The Long Point Battery
Around the middle of the American Civil War, in 1863, the Union Army constructed fortifications called the Long Point Battery. It consisted of two earthwork artillery batteries, with a total of nine 32-pound (15 kg) guns between them, plus a barracks to house a company of 98 soldiers, an officer's quarters, and stables.
Currently the U.S. Coast Guard owns and controls Provincetown's three lighthouses (Long Point Light, Wood End Light, and Race Point Light). It is leased to and maintained by the Cape Cod Chapter of the American Lighthouse Foundation. The grounds are open to the public, and the lighthouse tower is closed.
In December 2009, preservationists proposed to rebuild the keeper's house as a bed and breakfast similar to the operation at Race Point. The Coast Guard's lease is due to expire in 2015, and local officials speculate that the property could be turned over to the National Park Service, which maintains and operates the National Seashore.
The original "Cape Cod style" light and keeper's house, built in 1827
Stereoscopic photo of the 2nd light, shortly after it was built (note the dark brick)
- Light List, Volume I, Atlantic Coast, St. Croix River, Maine to Shrewsbury River, New Jersey (PDF). Light List. United States Coast Guard. 2012. p. 114.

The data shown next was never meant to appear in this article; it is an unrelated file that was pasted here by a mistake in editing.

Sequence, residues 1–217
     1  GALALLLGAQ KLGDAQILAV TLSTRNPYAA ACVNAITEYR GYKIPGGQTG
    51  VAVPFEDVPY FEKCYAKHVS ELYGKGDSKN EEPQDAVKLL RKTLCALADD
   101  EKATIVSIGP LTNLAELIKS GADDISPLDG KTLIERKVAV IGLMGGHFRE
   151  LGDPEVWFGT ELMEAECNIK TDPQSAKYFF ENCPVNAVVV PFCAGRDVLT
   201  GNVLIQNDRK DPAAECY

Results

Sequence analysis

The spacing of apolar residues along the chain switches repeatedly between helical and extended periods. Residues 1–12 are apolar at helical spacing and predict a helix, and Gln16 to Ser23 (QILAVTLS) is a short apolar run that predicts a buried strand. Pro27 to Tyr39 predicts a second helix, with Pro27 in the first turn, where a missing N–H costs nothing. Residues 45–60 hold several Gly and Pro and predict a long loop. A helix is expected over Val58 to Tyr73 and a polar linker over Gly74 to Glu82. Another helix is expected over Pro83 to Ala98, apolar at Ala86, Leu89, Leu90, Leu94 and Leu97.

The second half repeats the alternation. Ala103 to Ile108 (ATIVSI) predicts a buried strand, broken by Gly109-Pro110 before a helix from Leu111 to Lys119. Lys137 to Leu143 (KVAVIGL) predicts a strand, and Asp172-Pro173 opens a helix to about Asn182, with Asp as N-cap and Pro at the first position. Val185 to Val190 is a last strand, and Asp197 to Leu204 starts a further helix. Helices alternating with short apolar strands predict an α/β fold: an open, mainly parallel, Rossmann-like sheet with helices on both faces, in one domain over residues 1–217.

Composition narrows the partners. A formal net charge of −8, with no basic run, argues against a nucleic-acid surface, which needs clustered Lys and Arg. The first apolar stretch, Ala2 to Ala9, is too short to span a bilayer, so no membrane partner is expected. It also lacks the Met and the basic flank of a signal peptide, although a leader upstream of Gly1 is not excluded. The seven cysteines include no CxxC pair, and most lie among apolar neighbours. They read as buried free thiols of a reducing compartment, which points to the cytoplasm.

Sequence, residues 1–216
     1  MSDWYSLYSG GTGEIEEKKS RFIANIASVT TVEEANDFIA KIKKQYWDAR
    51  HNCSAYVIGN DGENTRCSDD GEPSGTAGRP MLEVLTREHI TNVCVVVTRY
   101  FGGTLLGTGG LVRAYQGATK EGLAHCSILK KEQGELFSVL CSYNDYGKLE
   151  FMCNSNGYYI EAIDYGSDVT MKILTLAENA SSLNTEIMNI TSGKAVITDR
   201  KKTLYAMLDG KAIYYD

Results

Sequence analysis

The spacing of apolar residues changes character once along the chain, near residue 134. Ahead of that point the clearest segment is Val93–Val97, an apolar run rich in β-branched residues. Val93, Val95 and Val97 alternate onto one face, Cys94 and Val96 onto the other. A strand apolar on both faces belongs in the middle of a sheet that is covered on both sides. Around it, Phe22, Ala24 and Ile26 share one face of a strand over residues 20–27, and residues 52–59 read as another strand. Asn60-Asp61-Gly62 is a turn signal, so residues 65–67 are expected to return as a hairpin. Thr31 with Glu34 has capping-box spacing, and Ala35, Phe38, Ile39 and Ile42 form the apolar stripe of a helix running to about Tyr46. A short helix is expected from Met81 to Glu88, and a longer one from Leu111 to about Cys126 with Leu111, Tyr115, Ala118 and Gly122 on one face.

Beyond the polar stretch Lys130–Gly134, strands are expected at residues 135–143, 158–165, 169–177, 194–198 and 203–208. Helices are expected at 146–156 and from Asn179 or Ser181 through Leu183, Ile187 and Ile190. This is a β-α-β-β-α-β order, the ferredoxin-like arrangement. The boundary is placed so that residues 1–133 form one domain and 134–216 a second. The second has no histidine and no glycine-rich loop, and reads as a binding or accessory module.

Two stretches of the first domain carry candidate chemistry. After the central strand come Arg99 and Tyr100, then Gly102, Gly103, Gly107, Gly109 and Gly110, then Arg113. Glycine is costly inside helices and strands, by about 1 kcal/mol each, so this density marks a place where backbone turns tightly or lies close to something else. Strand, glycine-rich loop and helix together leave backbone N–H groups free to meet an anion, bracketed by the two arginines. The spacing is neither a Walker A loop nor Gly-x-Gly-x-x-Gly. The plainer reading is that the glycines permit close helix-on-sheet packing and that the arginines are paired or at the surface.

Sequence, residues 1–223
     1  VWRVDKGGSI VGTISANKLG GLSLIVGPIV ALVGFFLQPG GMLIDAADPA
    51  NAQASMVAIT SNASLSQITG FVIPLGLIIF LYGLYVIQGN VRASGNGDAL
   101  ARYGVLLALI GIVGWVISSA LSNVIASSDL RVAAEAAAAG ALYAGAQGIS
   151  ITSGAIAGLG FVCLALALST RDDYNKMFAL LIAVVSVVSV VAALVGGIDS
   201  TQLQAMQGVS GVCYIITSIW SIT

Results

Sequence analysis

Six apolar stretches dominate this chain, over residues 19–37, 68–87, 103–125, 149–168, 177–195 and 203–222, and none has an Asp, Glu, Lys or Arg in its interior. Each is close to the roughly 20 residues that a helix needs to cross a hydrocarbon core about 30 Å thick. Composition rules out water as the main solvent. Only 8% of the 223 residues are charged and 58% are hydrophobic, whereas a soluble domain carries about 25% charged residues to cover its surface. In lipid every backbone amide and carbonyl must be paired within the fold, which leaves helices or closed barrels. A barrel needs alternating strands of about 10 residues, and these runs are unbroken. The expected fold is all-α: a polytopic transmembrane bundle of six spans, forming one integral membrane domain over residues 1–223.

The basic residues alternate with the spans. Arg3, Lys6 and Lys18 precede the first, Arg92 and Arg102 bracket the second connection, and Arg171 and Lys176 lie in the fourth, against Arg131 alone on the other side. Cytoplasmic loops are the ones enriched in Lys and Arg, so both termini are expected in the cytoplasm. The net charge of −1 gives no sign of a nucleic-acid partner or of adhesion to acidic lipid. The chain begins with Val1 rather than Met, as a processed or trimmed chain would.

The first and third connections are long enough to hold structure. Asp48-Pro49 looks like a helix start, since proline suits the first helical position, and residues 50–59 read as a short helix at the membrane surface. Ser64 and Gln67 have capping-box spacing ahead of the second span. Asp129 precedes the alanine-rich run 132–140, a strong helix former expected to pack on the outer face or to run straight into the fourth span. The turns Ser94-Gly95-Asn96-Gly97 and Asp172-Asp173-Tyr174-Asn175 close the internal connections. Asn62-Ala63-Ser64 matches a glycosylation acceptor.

- "National Register Information System". National Register of Historic Places. National Park Service. 2010-07-09.
- Consumer Price Index (estimate) 1800–2014. Federal Reserve Bank of Minneapolis. Retrieved February 27, 2014.
- "Historical Timeline of Provincetown, Massachusetts" (PDF). Town of Provincetown. Retrieved 1 May 2012.
- "Long Point, MA". lighthousefriends.com. Retrieved 25 August 2012.
- "Long Point Light". Maritime History of Massachusetts, a National Register of Historic Places Travel Itinerary. National Park Service. Retrieved 4 March 2012.
- Jennings, Herman A. (1890). Provincetown or Odds and Ends From the Tip End. Peaked Hill Press. p. 78.
- Gehrman, Elizabeth (5 August 2007). "Solitude, sunscreen, and a long stretch of sand (almost) all to yourself". The Boston Globe. Retrieved 12 February 2012.
- "Conclusions and Recommendations for the former Long Point Battery, Provincetown, MA; Project Number D01MA054901" (PDF). Defense Environmental Restoration Program for Formerly Used Defense Sites Ordnance and Explosive Waste. US Army Corps of Engineers. January 1997. Retrieved 25 May 2012.
- Cunningham, Michael (2002). Land's end: a walk through Provincetown (1st ed. ed.). New York: Crown journeys. p. 37. ISBN 9780609609071. Retrieved 15 May 2012. "... as volunteers stood guard day after day and night after night over an uncontested stretch of salt water, the fortresses came to be known as Fort Useless and Fort Ridiculous."
- "Inventory of Historic Lighthouses-- Massachusetts-- Long Point Light". National Park Service. Retrieved 2012-03-07.
- Sowers, Pru (28 December 2009). "Provincetown lighthouse restoration project moves ahead". The Provincetown Banner. Retrieved 12 February 2012.
Attribution This article incorporates public domain material from the National Park Service document "Maritime History of Massachusetts, a National Register of Historic Places Travel Itinerary -- Long Point Light" (retrieved on 2012-03-03).
- Maritime History of Massachusetts, a National Register of Historic Places Travel Itinerary, National Park Service